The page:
U.S. Supreme Court Effectively Rules That Prosecuting People for Being Homeless Is Illegal
In December, the U.S. Supreme Court refused to hear one city’s appeal of a lower court’s ruling that arresting and prosecuting the homeless was a violation of their constitutional rights, effectively keeping in place that ruling and placing all states and cities on notice that this practice violates the Eighth Amendment’s prohibition on cruel and unusual punishment.
Unfortunately, people have been arrested (and this behavior criminalized) for this very same reason in North Carolina a number of times, and this includes activities such as panhandling. However, the decision arguably opens up a viable civil rights challenge for anyone who has been arrested for simply living on the streets because they have no other option.
The Ruling Is Arguably Broad & Applies to Prosecution of All Homeless for Sleeping On Streets
The lower court’s ruling came out of the 9th Circuit Court of Appeals, which indicated that jailing or fining homeless people for living outside when they could not get into shelters was unconstitutional. Specifically, the court stated that the government cannot criminalize indigent people for sleeping outdoors as though there is any other choice. As a result, there have been some concerns that the decision leaves wiggle room for cities to continue to prosecute the homeless if they can claim that there are open spaces at shelters. However, the court also indicated that even shelters that have a policy of never turning someone away have barriers that make it difficult to stay there, such as limitations on the number of days that someone can stay there and, in addition, there have been previous rulings – also out of the 9th Circuit – that have shot down cities’ attempts to arrest the homeless for living on the streets; rulings that do not contain any qualifying language regarding open shelters.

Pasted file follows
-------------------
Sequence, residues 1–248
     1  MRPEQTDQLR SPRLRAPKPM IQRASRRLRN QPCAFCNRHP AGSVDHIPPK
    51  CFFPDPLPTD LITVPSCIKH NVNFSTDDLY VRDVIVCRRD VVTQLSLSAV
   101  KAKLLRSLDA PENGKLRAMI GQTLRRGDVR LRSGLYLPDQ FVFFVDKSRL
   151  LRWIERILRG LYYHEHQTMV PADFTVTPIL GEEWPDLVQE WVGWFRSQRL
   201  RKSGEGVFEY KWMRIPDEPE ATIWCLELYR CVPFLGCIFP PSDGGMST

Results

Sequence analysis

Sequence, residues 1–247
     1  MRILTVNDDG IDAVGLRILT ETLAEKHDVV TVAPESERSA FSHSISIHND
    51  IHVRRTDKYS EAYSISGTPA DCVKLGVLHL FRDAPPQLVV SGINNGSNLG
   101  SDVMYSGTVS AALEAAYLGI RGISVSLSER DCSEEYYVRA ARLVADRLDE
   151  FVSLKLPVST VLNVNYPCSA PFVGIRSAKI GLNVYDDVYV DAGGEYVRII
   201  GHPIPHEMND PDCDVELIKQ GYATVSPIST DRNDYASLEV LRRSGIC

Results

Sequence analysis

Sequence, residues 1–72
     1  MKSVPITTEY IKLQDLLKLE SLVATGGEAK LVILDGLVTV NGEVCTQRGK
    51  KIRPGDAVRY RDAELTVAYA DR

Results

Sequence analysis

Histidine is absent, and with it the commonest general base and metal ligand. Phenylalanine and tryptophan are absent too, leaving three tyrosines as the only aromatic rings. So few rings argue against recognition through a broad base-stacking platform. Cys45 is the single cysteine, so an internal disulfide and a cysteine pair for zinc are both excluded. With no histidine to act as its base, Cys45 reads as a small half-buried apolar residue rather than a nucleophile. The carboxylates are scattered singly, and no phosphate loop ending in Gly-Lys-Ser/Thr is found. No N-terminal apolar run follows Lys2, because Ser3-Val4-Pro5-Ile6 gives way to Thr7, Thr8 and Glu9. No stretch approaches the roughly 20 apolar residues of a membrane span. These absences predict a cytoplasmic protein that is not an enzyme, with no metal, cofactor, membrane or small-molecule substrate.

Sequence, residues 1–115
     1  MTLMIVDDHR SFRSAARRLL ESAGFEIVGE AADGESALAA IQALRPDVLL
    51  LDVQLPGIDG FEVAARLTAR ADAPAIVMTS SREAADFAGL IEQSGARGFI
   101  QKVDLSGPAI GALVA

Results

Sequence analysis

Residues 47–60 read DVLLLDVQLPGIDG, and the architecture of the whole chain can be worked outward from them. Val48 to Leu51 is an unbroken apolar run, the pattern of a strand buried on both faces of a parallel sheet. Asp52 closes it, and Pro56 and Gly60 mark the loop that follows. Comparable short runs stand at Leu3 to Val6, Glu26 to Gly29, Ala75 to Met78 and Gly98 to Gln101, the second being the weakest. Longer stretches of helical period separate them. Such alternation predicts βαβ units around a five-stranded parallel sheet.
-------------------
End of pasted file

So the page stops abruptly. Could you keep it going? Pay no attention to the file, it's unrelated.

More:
In some circumstances, cities can punish certain types of behavior if they can successfully argue that there is a rational basis for the policy. In this case, the city tried to argue that the prohibition was necessary for public health and safety, in part due to homeless encampments drawing gang activity and drug dealing. The city argued that, as a result, it had no choice but to legally define camping outdoors as “disorderly conduct,” as prohibited by law. The policy was challenged by six homeless residents who were prosecuted as a result, and the court sided with the plaintiffs, finding that the city’s ordinances violated the Eighth Amendment’s prohibition on cruel and unusual punishment.
Contact Our North Carolina Criminal Defense Attorneys If Your Rights Have Been Violated
If you have been arrested in North Carolina in violation of your constitutional rights, contact our experienced North Carolina criminal attorneys at the Hauter Law Firm, PC today to find out how we can aggressively represent your legal rights.